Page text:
History of Science
Prof. Ohad Nachumi, Head of the Department of Humanistic Studies and Arts at the Technion, investigates the connection between the old and new world of thought in Leibniz's thought.
The book published by Magnes, describes the scientific revolution that led to the understanding that the dome of the sky is only an optical illusion
A new study examines the social role of diseases in the 17th century, through a discussion held before the head of the Jewish court in Egypt, dealing with the appeal of a Jewish gentleman who suffered from life-threatening melancholy due to the accumulation of sperm due to his wife's physical distance
A new study examines the changes a person has undergone in using the different fingers on the palm for writing and how this affects the content we write
If you have ever stood on the side of a highway, or an ambulance passed you by at high speed, you must have noticed the change in tone that occurs exactly when the vehicle or the siren passes you by: the noise "drops" sharply from high to low tones, from treble to bass.
The Italian physicist Evangelista Torricelli was born in Rome to a humble and poor family. Although luck was not in his favor, his hard work paid off. He managed to reach the top of the Italian Academy and worked with the great scientist of the time, Galileo Galilei. His curiosity led his country, and then the entire world, towards a solution to a riddle that is more than two thousand years old - what is the nature of the vacuum? Torricelli's way of solving the problem was based on a simple experiment that contained a flask, a glass tube and mercury.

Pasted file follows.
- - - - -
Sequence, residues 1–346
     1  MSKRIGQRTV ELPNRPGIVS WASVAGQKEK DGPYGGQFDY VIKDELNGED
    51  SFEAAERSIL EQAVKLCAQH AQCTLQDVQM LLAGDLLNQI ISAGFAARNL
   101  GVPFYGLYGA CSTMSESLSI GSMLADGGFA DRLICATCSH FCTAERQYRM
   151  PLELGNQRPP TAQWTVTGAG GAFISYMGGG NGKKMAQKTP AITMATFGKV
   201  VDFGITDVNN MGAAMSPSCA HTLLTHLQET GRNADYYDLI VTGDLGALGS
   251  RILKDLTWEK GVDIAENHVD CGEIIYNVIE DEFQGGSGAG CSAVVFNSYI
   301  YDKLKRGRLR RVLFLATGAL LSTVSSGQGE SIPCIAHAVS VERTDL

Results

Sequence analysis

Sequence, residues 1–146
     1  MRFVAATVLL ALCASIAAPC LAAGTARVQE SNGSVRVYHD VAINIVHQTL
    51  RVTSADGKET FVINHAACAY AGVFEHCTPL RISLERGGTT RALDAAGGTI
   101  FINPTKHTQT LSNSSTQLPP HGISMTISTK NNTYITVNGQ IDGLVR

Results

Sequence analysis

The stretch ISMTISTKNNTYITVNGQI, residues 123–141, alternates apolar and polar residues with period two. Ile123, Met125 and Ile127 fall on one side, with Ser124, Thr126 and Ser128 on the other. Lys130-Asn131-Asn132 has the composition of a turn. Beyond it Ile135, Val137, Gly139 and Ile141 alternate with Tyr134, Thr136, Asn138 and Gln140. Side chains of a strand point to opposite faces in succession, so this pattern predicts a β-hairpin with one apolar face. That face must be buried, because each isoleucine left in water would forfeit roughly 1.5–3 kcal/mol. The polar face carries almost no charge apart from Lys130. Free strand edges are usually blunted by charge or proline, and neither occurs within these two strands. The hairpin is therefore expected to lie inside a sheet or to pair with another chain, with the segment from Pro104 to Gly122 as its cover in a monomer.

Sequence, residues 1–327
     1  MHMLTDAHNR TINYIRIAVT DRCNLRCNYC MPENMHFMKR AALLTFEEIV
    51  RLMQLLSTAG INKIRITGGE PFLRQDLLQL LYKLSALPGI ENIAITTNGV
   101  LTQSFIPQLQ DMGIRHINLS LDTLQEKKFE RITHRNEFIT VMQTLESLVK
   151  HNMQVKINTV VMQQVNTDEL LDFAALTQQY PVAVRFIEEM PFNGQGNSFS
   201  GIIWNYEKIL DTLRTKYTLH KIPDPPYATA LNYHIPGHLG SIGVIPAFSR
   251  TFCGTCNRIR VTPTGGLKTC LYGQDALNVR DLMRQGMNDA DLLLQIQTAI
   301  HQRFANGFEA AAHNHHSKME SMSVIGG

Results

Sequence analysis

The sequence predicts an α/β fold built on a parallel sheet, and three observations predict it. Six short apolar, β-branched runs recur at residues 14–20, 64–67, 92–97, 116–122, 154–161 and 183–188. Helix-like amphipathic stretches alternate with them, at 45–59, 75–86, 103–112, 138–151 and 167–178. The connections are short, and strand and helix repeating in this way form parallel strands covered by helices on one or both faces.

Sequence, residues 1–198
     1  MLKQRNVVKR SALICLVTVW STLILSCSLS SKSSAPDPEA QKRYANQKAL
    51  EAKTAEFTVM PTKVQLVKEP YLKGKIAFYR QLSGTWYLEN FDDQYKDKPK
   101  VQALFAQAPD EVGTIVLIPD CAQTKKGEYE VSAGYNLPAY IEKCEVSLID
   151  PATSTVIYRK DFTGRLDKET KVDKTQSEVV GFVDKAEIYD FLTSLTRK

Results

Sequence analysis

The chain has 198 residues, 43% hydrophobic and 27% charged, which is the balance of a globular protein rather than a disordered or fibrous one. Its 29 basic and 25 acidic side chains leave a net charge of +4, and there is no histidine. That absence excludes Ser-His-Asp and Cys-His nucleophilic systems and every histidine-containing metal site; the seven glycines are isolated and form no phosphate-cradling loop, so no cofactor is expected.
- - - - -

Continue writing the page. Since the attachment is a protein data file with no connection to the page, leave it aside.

Laura Bassi continuously fought to achieve equal conditions for women who chose an intellectual and professional career in public teaching and research institutions at a time when the universities and the world of academia in Italy and throughout the world were exclusively male environments. However, even the Pope was convinced and appointed her to the Academy of Sciences
Galileo Galilei made many discoveries that changed the face of science as we know it today, but along the way he made several mistakes and drew wrong conclusions. Even the smartest scientists make mistakes! What can be learned from mistakes?
Three groups of storage and trading jars that were produced in different places in Israel in the 10th to 7th centuries BC were studied, and it was found that the only parameter common to all three, with great accuracy, is the diameter of the jugs' mouths, and its length is within the range of the various estimates given in the past for the degree of the handle